After completing Chart 1, we use Chart 2, another Madson worksheet. It portrays the same business paying by salary, and not commission. Each employee does the same assignments, and works the same hours and service orders and fees are the same too. The result is that the business earns the same $416.00 gross revenue, and pays the two pet groomers $208.00 in wages. Again, the owner again retains $208.00 for the day and must still pay the same additional overhead.

So what is the benefit of paying salaries then? Conversion to salaries is the most important and first stepping stone you take to begin a financial path that boost your profitability. Isn't it great to know that conversion to salaries doesn't have to cause the often dreaded reaction of employees? In fact, the fears of employees are then easily dispelled when they understand that conversions to salaries is not synonymous with pay cuts.

Now you are ready for the second stepping stone, and that is boosting the gross profit of the business by improving the productivity of salaried employees. Imagine, you find a way for the same 2 employees in Charts 1 and 2 to more efficiently work together, perhaps as a team, to complete only 1 extra complete trim and bath pet each day. The result is another $28.00 a day without additional labor expense. When the business is open 260 days a year, gross revenue would soar by $7,280 a year. Since the work was completed in the same hours using productive Team Trimming or Team Bathing Operations, the entire $7,280 is gross profit for the owner. Of course, now the owner can afford to boost morale with a pay raise for the employees. Everyone as a team benefits.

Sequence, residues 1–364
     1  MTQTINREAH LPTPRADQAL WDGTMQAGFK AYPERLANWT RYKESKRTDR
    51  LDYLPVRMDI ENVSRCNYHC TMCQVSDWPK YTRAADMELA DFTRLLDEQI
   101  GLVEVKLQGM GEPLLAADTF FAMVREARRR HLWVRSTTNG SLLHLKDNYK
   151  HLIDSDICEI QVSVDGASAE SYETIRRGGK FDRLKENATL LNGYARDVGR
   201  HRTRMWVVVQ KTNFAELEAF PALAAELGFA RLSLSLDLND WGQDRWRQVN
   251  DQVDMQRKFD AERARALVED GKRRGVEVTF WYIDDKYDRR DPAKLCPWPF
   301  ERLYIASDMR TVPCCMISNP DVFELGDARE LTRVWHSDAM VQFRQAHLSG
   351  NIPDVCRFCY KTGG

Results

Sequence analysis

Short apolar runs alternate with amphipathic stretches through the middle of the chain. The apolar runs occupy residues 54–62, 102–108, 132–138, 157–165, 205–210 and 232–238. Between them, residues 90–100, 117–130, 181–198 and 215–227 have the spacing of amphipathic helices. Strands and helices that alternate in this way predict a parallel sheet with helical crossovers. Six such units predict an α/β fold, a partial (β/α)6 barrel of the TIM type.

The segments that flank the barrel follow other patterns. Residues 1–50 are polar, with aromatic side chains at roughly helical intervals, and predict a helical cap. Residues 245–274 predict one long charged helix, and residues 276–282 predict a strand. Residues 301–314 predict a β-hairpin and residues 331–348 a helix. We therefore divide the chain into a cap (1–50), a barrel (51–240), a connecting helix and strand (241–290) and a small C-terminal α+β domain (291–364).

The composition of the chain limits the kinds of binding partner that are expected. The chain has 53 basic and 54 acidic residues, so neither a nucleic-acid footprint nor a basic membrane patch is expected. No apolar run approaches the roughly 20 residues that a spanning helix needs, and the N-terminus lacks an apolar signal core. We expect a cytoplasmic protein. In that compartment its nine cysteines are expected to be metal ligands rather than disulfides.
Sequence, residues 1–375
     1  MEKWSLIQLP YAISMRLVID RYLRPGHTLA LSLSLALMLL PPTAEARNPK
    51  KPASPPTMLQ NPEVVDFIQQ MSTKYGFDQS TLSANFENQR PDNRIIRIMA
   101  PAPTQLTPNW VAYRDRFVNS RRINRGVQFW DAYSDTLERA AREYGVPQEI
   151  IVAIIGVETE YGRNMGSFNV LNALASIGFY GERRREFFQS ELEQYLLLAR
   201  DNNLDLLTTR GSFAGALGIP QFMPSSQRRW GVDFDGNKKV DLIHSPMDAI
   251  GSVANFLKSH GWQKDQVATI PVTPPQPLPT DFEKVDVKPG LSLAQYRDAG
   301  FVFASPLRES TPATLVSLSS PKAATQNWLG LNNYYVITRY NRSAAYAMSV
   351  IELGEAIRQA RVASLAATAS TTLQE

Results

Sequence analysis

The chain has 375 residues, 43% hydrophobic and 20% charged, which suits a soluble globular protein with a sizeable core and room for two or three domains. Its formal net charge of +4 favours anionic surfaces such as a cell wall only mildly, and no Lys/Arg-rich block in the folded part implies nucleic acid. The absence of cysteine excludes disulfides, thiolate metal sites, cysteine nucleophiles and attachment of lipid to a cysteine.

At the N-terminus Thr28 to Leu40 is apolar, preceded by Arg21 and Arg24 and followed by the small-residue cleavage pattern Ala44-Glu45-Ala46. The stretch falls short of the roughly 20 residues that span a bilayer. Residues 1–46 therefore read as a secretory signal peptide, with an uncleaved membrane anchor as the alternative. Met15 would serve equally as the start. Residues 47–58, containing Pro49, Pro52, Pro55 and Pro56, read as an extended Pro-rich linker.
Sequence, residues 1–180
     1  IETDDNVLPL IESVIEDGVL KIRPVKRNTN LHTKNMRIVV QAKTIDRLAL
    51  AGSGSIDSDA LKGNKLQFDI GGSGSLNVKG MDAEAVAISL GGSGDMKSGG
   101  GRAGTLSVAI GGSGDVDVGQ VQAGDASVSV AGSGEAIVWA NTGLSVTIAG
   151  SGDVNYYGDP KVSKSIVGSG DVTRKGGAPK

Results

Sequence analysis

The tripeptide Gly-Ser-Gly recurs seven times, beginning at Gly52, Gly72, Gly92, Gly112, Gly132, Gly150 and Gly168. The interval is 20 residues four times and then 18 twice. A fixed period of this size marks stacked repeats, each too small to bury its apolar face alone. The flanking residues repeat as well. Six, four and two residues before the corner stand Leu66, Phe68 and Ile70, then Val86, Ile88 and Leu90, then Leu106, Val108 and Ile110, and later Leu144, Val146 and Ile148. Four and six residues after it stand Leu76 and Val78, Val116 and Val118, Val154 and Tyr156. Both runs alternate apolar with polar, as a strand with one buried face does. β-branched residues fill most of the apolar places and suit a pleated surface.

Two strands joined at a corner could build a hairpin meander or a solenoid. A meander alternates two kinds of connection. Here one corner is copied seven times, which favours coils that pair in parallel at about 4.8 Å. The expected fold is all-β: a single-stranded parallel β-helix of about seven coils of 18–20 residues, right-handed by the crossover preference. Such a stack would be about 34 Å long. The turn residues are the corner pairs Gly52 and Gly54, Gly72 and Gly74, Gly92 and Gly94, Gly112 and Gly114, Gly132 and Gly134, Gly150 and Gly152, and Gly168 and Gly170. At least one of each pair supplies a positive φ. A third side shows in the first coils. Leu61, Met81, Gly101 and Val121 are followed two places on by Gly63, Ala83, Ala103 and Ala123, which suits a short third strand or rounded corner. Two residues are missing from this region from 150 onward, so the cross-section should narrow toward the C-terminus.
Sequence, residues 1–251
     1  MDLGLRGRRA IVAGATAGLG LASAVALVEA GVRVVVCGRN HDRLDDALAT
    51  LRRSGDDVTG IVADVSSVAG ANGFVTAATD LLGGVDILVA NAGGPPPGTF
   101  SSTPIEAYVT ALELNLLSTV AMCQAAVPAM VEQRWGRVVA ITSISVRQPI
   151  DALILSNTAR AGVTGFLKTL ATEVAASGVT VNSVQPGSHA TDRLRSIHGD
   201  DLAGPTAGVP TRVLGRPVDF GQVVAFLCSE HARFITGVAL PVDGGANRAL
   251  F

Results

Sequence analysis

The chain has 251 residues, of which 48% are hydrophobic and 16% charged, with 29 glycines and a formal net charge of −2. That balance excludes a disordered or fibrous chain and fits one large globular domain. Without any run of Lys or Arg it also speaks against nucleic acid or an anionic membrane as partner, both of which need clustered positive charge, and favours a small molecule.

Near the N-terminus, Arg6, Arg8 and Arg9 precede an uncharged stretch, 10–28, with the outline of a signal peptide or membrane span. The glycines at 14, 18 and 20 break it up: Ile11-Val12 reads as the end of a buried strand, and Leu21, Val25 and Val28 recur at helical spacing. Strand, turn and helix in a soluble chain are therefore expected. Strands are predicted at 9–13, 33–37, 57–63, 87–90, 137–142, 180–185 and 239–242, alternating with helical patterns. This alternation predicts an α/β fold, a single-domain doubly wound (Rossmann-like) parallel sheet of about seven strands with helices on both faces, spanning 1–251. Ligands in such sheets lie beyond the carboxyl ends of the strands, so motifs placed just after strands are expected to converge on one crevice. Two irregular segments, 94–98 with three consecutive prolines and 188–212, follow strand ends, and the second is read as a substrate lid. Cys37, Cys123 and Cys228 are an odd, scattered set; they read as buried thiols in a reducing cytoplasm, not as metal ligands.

Of course, you may be saying why would the employees increase their productivity to make more profit for the owner, and hope for a pay raise? I would say to you, "Who is running your business?" and "If there is a more productive way of grooming pets as a team, who are they to usurp team values?" In fact, I would say the problem lies more in the fearful manager and owner than in the employees not made aware of team operations and benefits. Teamwork has come to pervade many industries, for example, the auto industry. Your skills to coach a team must be developed if you are to develop a team environment, and your employees must know that you have the wherewithal to share some of your gain with them. The topic of teamwork is a lengthy one that cannot be well served here, but we have done it in our and other businesses for decades. Pet grooming is ideal for team operations, as is any other labor intensive trade.

If this topic has it a chord of curiosity and intent to change in you, I strongly suggest you read the original and complete version of this article. We have salaries and team operations "down like a science." Too often pet grooming business owners have come to us with stories of their pet groomer employees commandeering appointment books, clients and other poor practices that weaken the leadership of owners. Perhaps we see here clear evidence of why the pet grooming industry has been long considered as generally unprofitable, at least stereotypically.

We regularly counsel our management consultation clients converting from commission to salaries to set reasonable goals for increased productivity for their now salaried pet groomers. One pet per day between one or two pet grooms is fine. It may take some time, and it may take an investment in providing your pet groomer employees with enhanced skills training such as "speed grooming" tips or "commercial" grooming techniques, and yet the styling is just as exquisite. Isn't it worth the investment if the training results in increased productivity and profitability, and enables the owner and team leader to thereafter offer a pay raise? Of course it is. Provide education for your employees is commonly accepted as a business expense for tax purposes, and your employees are likely to become more team-like seeing that you are paying for their education. Check with your tax counselor on the deductibility of education expenses as needed.